Banks must be more innovative in these economic turbulent times to drive their markets. Innovation is the new way that will keep the ‘marriage’ between the banks and the consumers and business community. Our banks must therefore be more innovative to stay on top of the minds of the market actors. The banks must consider “carrying out of new combinations” that include “the introduction of new products, new services, and the creation of new markets. ISO TC 279 on innovation management proposes in the standards, ISO 56000:2020 to define innovation as “a new or changed entity creating or redistributing value” and for the purposes of the banks creating a focus on “newness, improvement and spread”. Innovation is also often viewed as taking place through the provision of more-effective and enhanced processes, technologies, or business models that innovators make available to markets, economies and societies. Bank innovation must be original and more effective and, as a consequence, new, that “breaks into” the consumer market and or business society.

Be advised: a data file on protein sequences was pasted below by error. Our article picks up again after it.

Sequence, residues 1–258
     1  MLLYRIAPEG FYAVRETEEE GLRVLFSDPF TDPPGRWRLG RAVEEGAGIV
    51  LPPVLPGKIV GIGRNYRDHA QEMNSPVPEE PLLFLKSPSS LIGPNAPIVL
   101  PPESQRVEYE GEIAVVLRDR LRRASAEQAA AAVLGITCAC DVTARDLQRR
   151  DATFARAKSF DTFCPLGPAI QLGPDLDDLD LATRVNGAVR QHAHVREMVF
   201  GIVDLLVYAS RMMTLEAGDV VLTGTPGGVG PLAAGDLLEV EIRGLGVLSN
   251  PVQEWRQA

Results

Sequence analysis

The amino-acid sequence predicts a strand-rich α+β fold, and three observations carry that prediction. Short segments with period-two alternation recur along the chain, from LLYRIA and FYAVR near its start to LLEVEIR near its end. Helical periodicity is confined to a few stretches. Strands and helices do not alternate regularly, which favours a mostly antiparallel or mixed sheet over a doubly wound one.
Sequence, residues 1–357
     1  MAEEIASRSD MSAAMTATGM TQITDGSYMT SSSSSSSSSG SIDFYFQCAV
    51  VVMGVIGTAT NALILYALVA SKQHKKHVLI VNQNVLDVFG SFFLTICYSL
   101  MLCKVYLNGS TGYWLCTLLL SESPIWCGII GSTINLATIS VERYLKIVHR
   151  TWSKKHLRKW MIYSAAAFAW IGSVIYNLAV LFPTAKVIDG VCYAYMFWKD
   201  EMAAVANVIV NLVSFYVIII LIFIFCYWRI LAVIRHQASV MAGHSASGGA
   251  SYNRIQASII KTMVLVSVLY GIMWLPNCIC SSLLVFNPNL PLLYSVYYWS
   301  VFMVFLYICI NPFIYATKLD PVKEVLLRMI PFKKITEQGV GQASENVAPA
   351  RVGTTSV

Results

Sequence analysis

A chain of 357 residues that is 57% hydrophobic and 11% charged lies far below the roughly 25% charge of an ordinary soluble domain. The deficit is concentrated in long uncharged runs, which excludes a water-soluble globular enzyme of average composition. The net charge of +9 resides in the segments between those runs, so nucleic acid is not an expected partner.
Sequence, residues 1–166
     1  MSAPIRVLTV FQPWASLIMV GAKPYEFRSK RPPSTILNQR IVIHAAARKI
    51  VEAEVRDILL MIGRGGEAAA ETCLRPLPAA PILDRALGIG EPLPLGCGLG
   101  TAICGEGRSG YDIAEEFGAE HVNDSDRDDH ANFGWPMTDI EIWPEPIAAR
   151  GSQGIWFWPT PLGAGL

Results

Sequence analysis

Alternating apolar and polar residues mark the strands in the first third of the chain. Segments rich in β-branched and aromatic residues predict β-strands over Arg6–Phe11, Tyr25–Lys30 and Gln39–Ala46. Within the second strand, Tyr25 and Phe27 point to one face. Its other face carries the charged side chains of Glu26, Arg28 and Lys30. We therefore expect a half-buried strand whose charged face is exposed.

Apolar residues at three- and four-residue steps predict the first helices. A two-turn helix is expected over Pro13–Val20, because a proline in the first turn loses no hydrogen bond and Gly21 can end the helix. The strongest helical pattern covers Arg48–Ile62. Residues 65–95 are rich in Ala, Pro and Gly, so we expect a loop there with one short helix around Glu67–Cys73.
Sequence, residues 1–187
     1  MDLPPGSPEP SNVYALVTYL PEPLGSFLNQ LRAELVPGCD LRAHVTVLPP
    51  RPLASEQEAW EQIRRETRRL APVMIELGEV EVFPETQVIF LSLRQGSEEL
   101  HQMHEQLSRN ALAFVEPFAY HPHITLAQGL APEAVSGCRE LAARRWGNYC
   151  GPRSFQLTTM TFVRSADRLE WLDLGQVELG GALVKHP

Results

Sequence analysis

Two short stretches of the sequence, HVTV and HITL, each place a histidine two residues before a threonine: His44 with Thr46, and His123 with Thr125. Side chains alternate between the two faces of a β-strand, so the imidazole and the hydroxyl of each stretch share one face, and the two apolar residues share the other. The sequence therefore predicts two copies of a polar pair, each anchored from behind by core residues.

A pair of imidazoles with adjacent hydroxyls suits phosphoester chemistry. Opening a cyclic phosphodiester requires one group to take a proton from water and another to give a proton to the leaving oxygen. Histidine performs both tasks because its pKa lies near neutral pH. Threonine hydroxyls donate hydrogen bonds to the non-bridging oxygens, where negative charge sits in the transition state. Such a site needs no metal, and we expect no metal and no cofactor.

Innovation is generally considered to be the result of a process that brings together various novel ideas in such a way that they affect society. In many advanced economies, innovations are created and found empirically from services to meet growing consumer growing and changing demands and there is always a distinction between sustaining and disruptive innovations. Sustaining innovation is the improvement of a product or service based on the known needs of current customers whereas disruptive innovation in contrast refers to a process by which a new product or service creates a new market, eventually displacing established competitors. Banks must therefore strike to improve on their innovations to attract, retain and grow consumers and business into the banking space and for that matter their raise confidence the more in the Ghanaian economy.

Leave a Reply